Symptomatic sensory neural hearing loss to both high frequency followed by low frequency sounds developed at the age 13 yrs and is confirmed with audiogram. Mean age of onset in Kinsley studies being 14.6 yrs (range 1 – 29). Deafness in these patients is neurological affecting auditory nerve and its central pathways, degenerative atrophy of the vestibulocochlear nuclei and inferior colliculi13 leading to decreased perception of sounds rather than deficit in transmitting the sound to the nerve.

Urinary tract abnormalities are expected in about 66% of persons with Wolfram syndrome and are as well present in our patient with symptoms of frequent urination, incontinence and recurrent infection of the bladder. Post-voidal residual volume by ultrasound imaging is 85 ml and there is thickened bladder wall. The symptoms are caused by bladder nerve dysfunction and a loss of nerve tissue in the bladder and the ureters. The nervous centers in the brain that control urination may also play a role.

As age advances impaired sexual development, central nervous system complication such as nystagmus, ataxia, startle myoclonus, seizure disorders, mental health disorders and digestive problems are likely to appear and are not identified till now in our patient and hence to be screened periodically.

The median age of death in these patients according to Kinsley is 28 yrs and 60% of the people with Wolfram syndrome die at age 35. Death can be caused by central respiratory center failure following brain stem atrophy, complications related to urinary tract atony, bulbar dysfunction (aspirations) and in some cases suicide secondary to depression.

There has been no treatment to reverse the under lying mechanism of neuro degeneration in persons with WFS and all cases reported till now have progressed to one or more of the above discussed life-threatening complications and premature death.

Conclusion

Though a rare disorder Wolfram syndrome is to be suspected in any individual presenting with IDDM and OA within first 3 decades of life. Genetic studies offer the best opportunity to confirm diagnosis and multidisciplinary assessment is vital to manage many facets of this condition. Early adequate treatment avoids serious complications such as hyperglycemic, hyperosmolar, hypernatremic coma, and can improve the quality of life and survival.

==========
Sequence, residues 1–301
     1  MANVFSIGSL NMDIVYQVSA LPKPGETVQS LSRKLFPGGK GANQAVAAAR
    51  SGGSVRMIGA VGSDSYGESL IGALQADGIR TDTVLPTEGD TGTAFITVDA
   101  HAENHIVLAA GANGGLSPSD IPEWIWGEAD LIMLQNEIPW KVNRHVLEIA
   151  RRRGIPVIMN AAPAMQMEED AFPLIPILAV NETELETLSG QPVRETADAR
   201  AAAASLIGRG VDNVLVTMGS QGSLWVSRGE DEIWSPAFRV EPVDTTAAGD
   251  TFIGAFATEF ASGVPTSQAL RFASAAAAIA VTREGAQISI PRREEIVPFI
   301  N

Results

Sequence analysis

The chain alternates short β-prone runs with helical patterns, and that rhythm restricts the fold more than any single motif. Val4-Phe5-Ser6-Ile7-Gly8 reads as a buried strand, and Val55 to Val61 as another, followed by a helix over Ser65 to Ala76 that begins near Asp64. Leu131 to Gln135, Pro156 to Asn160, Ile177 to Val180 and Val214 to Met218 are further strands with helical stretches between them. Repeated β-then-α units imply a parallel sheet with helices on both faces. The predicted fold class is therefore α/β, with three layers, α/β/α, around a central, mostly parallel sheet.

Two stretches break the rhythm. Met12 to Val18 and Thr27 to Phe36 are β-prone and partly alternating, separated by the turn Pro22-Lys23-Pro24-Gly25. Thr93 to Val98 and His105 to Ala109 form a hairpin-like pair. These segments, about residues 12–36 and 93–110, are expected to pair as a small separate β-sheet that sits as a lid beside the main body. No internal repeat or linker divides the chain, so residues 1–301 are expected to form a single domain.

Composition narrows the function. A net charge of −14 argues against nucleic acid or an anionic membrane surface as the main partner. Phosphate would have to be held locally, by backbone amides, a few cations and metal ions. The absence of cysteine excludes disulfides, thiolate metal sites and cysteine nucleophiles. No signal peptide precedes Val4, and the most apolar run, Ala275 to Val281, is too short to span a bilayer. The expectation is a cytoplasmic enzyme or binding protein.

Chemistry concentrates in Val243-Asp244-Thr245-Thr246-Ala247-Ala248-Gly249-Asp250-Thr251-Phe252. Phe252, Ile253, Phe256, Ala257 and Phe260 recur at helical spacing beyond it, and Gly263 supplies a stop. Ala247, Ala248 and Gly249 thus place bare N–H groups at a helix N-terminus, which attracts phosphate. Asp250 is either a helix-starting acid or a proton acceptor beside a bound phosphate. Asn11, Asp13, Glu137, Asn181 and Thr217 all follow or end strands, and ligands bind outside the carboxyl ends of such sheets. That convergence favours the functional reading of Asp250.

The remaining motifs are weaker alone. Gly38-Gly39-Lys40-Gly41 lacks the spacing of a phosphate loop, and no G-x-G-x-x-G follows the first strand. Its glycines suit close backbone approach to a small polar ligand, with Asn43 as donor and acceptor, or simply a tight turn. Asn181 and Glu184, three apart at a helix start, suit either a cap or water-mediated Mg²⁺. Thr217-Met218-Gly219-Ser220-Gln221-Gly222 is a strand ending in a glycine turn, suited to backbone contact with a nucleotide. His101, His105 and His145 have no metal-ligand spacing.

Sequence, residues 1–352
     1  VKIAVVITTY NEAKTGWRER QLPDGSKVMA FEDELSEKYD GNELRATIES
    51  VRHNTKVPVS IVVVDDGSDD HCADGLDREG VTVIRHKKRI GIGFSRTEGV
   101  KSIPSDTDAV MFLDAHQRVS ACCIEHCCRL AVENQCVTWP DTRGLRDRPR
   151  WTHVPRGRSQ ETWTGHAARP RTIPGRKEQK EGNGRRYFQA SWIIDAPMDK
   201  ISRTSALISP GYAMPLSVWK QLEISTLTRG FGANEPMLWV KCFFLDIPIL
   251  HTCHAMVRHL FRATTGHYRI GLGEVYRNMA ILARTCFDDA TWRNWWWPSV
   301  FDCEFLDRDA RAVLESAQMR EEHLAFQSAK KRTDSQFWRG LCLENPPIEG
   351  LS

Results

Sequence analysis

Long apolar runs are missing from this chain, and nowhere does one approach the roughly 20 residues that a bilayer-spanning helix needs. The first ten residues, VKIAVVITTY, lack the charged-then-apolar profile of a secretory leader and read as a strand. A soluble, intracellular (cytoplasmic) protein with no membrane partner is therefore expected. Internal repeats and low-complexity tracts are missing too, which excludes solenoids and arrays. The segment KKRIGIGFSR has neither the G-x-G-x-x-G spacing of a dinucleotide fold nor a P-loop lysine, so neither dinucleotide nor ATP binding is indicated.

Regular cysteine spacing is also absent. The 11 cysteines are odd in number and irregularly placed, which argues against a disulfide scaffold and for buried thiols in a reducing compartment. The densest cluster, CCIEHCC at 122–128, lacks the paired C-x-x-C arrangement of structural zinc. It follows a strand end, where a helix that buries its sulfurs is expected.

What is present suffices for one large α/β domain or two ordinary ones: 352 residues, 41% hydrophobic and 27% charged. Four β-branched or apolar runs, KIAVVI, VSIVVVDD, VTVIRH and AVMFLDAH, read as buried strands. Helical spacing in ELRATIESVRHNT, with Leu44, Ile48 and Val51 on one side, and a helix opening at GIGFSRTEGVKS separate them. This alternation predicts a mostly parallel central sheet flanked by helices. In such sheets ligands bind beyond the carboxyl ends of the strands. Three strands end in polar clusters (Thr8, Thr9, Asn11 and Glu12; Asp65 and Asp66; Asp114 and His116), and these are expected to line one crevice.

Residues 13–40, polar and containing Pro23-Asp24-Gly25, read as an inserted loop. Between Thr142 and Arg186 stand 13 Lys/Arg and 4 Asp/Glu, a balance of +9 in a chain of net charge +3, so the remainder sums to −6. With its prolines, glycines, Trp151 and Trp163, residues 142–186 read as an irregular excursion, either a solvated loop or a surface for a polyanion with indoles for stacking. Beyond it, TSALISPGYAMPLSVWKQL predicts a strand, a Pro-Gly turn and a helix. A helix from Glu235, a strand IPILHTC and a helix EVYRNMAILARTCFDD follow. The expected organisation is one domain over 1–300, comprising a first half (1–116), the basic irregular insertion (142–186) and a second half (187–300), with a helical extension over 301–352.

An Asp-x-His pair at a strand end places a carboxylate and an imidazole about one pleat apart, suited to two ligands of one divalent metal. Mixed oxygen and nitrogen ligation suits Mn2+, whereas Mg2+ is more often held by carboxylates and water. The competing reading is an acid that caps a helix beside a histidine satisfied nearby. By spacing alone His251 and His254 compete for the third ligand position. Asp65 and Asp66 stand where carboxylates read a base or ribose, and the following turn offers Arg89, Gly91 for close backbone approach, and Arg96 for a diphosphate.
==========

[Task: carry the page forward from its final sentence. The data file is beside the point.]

In addition, these patients have wide variety of social, emotional and psychological needs. Blind school, computers with software for blind, listening to books on tape could accommodate the visually disabled and help build self-esteem, confidence as well as maximizing school performance. Skills and attitudes that build self-confidence, autonomy and self-control should be focused upon and parents and relatives should help them to reach their goals. No matter how short and challenging life should be worthwhile.

REFERENCES

1.     Wolfram DJ. Diabetes mellitus and simple optic atrophy among siblings: report of four cases. Mayo Clin Proc 1938; 9:715-8.

2.     Tekgul S, Oge O, Simsek E, Yordam N, Kendi S. Urological manifestations of the Wolfram syndrome: observations in 14 patients. J Urol 1999;161:616-7.

3.     Grosse Aldenhovel HB, Gallenkamp U, Sulemana CA. Juvenile onset diabetes mellitus, central diabetes insipidus and optic atrophy (Wolfram syndrome)—neurological findings and prognostic implications. Neuropediatrics 1991;22:103-6.

4.     Swift RG, Perkins DO, Chase CL, Sadler DB, Swift M. Psychiatric disorders in 36 families with Wolfram syndrome. Am J Psychiat 1991;148:775-9.

5.     Seshiah V, Sanjeevi CB, Venkataraman S, Rao KV. Wolfram syndrome with limited joint motility. J Assoc Physicians India 1987;35:528-9.

6.     Medlej R, Wasson J, Baz P, Azar S, Salti I, Loiselet J, Permutt A, Halaby G. Diabetes Mellitus and Optic Atrophy: A Study of Wolfram Syndrome in the Lebanese Population.  J Clin Endocrinol Metab 89: 1656-61.

7.     Kinsley BT, Dumont RH, Swift M, Swift RJ. Morbidity and mortality in the Wolfram syndrome. Diabetes Care 1995;18:1566-70.

8.     Barret TG, Bundey SE. Wolfram (DIDMOAD) syndrome. Med Genet 1997;34:838-41.

9.     Inoue H, Tanizawa Y, Wasson J, et al. A gene encoding a transmembrane protein is mutated in patients with diabetes mellitus and optic atrophy (Wolfram syndrome). Nat Genet 1998;20:143-8.

10.   Bundey S, Poulton K, Whitwell H, Curtis E, Brown IAR, Fielder AR Mitochondrial abnormalities in the DIDMOAD syndrome. J Inherit Metab Dis 1992;15:315-9.

11.   Galluzzi P, Filosomi G, Vallone IM, et al. MRI of Wolfram syndrome (DIDMOAD). Neuroradiology 1999;41:729-31.

12.   Thompson CJ, Charlton J, Walford S, et al. Vasopressin secretion in DIDMOAD (Wolfram) syndrome. QJ Med 1989;71:333-45.

13.          Gregorios JB. Wolfram's syndrome with schizophrenia and cerebral hypoventilation. A neuropathological study. J Neuropathol Exp Neurol 1989;48:308 (abstract).